The example model provider 250 of the illustrated example of FIG. 2 is implemented by a logic circuit such as, for example, a hardware processor. However, any other type of circuitry may additionally or alternatively be used such as, for example, one or more analog or digital circuit(s), logic circuits, programmable processor(s), ASIC(s), PLD(s), FPLD(s), DSP(s), etc. The example model provider 250 provides the current state of the machine learning model out to each edge device. In some examples, the model provider 250 provides additional instructions that accompany the model such as, for example, threshold values that are to be used by the edge device when training the model, processing queries against the model, and/or providing updates to the model to the aggregator device 110.

The example training data instructor 260 of the illustrated example of FIG. 2 is implemented by a logic circuit such as, for example, a hardware processor. However, any other type of circuitry may additionally or alternatively be used such as, for example, one or more analog or digital circuit(s), logic circuits, programmable processor(s), ASIC(s), PLD(s), FPLD(s), DSP(s), etc. The example training data instructor 260 determines whether to allow edge devices to incorporate new training data in a given training round, and instructs the edge devices 130, 137 concerning the use of new training data for a given training round. In examples disclosed herein, the example training data instructor 260 allows new training data to be used every N rounds. However, any other approach to selecting when new training data will be allowed may additionally or alternatively be used. In examples disclosed herein, the determination of whether to allow new training data is made with respect to all edge devices. However, in some examples, the determination of whether to allow new training data may be made with respect to individual edge devices. In some examples, trusted edge devices (e.g., edge devices that implement a TEE) may be allowed to incorporate new training data more frequently than non-trusted edge devices (e.g., edge devices that do not implement a TEE).

FIG. 3 is a block diagram of an example implementation of the example edge device 130 of FIG. 1. The example edge device 130 includes a model receiver 305, a local model data store 310, a neural network processor 315, a neural network trainer 320, a local data throttler 325, a model update provider 330, a local data accesser 335, a hash ledger 337, a query handler 340, an input scanner 345, a query ledger 350, trusted input hardware 360 and a local data provider 370.

In the illustrated example of FIG. 3, the example model receiver 305, the example local model data store 310, the example neural network processor 315, the example neural network trainer 320, the example local data throttler 325, the example model update provider 330, the example local data accesser 335, the example hash ledger 337, the example query handler 340, the example input scanner 345, and/or the example query ledger 350 are implemented within the trusted execution environment 132. However, in some examples, one or more of the example model receiver 305, the example local model data store 310, the example neural network processor 315, the example neural network trainer 320, the example local data throttler 325, the example model update provider 330, the example local data accesser 335, the example hash ledger 337, the example query handler 340, the example input scanner 345, and/or the example query ledger 350 may be implemented outside of the trusted execution environment 132. In some examples, the trusted input hardware 360 is implemented within the trusted execution environment 132.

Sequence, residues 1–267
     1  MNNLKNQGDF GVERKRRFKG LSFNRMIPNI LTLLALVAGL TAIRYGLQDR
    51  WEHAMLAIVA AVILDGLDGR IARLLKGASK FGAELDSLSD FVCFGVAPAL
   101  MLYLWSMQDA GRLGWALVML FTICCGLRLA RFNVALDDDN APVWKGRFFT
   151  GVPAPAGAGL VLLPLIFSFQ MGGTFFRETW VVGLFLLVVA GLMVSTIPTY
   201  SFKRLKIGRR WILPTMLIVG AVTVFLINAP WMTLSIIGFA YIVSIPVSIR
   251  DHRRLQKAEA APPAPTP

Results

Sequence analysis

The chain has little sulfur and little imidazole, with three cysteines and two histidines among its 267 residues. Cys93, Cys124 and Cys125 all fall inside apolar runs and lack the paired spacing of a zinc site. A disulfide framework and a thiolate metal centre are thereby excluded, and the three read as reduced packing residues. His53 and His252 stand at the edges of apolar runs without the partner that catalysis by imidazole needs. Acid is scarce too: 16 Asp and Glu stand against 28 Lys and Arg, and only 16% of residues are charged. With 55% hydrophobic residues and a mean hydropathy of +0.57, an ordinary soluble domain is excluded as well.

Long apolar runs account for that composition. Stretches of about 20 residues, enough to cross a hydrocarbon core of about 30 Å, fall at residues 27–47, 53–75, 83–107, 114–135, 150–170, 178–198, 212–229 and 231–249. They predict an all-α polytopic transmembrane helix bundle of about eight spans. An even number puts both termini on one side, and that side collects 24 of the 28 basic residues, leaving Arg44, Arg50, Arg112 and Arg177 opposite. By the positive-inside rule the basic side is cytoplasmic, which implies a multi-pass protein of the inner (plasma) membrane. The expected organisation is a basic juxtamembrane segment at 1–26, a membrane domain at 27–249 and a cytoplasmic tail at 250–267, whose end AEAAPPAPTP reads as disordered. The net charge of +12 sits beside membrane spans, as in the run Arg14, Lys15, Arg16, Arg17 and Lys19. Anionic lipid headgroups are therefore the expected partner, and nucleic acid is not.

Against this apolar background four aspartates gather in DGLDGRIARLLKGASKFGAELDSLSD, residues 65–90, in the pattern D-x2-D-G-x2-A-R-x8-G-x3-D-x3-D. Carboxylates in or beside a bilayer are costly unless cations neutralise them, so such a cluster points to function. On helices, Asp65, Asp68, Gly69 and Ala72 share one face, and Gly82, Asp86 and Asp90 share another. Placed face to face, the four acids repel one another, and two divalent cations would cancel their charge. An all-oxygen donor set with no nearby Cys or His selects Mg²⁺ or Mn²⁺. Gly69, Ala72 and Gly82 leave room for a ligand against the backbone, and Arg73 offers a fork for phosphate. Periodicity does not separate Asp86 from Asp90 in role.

The example local data provider 370 of the illustrated example of FIG. 3 is implemented outside of the trusted execution environment 132. However, in some examples, additional measures may be taken such that trust can be established between the components executed within the trusted execution environment 132 and the local data provider 370 executed outside of the trust execution environment.

The example model receiver 305 of the illustrated example of FIG. 3 is implemented by a logic circuit such as, for example, a hardware processor. However, any other type of circuitry may additionally or alternatively be used such as, for example, one or more analog or digital circuit(s), logic circuits, programmable processor(s), ASIC(s), PLD(s), FPLD(s), DSP(s), etc. The example model receiver 305 receives the current state of the machine learning model (e.g., the central model stored in the central model data store 240 of the aggregator device 110). In some examples, additional instructions accompany the model such as, for example, threshold values that are to be used by the edge device when training the model, processing queries against the model, and/or providing updates to the model to the aggregator device 110. The example model receiver 305 stores the received model in the example local model data store 310.

The example local model data store 310 of the illustrated example of FIG. 3 is implemented by any memory, storage device and/or storage disc for storing data such as, for example, flash memory, magnetic media, optical media, etc. Furthermore, the data stored in the local model data store 310 may be in any data format such as, for example, binary data, comma delimited data, tab delimited data, structured query language (SQL) structures, etc. While in the illustrated example the local model data store 310 is illustrated as a single element, the example local model data store 310 and/or any other data storage elements described herein may be implemented by any number and/or type(s) of memories. In the illustrated example of FIG. 3, the local model data store 310 stores local model information received from the model receiver 305 and/or updated (e.g., trained) by the neural network trainer 320.